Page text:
By Nikki Jamieson
During their regular Feb. 28 meeting, the Municipal District of Taber council reviewed a letter to Bow River MP Martin Shields in regard to the Youth Employment Program (YEP) in Taber’s funding cut.
Signed by 10 students of the program, the letter expressed a deep disappointment to the loss of the program in the area, saying it provided them with the opportunity to better their lives, and asks Shields for the government to reconsider the program cut.
“We know as adults that we had to work to earn a living, but we lacked the abilities to know what to do to find and keep that job. We have learned it is possible to balance parenthood, hold a job, take care of your finances and home and go to school. We have also learned how to achieve goals and how to use and create a support system. Rather than feeling like your life is set in stone, the program helps you realize that you can try new things, change and grow and help yourself,” read the letter. “Cutting the funding without consulting those who have participated in the program is negligent. We feel for those other young adults in our community who will not receive the same opportunity to have this program influence and improve their lives, will be at a disadvantage.”
“We have a unique situation here in the M.D. of Taber; a lot of our youth aren’t getting proper schooling, proper education,” said Brian Brewin, reeve for the M.D. “And this was an opportunity for them to go out there and upgrade, and be able to get a Grade 12 or at least an equivalency, in order to get some jobs.”
Handled through the Taber and District Community Adult Learning Association, Brewin said there was a line-up for the next year of the program, until they found out that the program’s funding was cut after serving only one year in existence.
However, the program is still carrying on in other parts of the country. The federal government website for its Concierge program — which aims to advise and support small to medium-sized enterprises — was advertising, as of March 10 afternoon, a Youth Employment program in connection with the National Research Council Canada – Industrial Research Assistance Program, which is based in Ontario.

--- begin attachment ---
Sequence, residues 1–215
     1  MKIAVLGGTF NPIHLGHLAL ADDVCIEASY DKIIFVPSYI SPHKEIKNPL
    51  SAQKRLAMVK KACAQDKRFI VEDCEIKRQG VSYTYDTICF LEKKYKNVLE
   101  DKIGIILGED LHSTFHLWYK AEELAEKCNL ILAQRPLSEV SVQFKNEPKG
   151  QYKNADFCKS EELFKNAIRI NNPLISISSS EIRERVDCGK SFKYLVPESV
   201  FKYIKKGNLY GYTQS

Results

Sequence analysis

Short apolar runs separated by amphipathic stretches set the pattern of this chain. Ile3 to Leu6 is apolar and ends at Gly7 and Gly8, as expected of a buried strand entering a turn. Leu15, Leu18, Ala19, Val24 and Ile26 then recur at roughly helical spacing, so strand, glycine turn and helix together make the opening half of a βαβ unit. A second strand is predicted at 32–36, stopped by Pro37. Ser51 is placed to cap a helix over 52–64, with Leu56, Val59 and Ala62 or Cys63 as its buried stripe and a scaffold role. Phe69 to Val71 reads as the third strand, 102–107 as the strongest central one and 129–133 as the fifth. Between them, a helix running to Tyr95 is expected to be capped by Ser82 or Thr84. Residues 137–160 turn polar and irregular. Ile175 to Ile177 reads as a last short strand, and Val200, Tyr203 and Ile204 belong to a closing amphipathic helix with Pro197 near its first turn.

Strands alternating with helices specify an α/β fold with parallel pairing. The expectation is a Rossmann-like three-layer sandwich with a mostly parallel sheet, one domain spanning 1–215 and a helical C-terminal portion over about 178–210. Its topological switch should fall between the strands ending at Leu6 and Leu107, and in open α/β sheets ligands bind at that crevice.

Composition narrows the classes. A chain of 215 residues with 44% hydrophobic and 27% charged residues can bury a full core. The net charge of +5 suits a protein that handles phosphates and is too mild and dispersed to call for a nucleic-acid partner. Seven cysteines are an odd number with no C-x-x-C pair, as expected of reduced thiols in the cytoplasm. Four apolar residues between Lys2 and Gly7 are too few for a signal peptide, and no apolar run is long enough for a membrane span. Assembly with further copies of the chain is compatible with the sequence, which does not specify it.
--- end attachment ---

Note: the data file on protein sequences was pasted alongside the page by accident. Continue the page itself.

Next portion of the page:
A similar program in North Vancouver was announced to have received funding earlier this month from Service Canada.
It is called Wired 4 Success, which is run by the Hollyburn Family Services Society.
“Sadly, this seems to be more of a political things, it’s everyone in Alberta didn’t get the funding. Maybe it’s a bit of a strong statement, but it seems to be the only logic that I can see,” said Brewin, adding that the program in Brooks didn’t get funding either. “We got people lined-up to take this program; it’s been positive.”
He asked council if they could write a letter in support of this letter from the students. Council passed a motion to write such a letter, and send both letters to the appropriate individuals.
The Youth Employment Program is for people ages 15-30 who are out of school, unemployed or underemployed which the program is targeted for. People targeted for the program range from single parents, individuals who did not finish high school or who are facing other barriers to employment such as residing in a remote location, physical or ethnic minority, recent immigrant youth, and ESL literacy. Other barriers may include inadequate skill sets, lack of social supports (family, friends, community), lack of previous work experience, poor self and/or behaviour management abilities, or physical/mental/emotional social challenges.
Each intake is 17 weeks in length featuring classroom and work experience. Instruction involves motivation and mentorship, personal development, self reliance and budget skills, career assessment and personal well-being with an emphasis on nutrition, computers and technology, employment readiness, workplace and social media etiquette, post-secondary tours, portfolio development and supervised work experience. The program is available to all southern Albertans from the TDCALA office.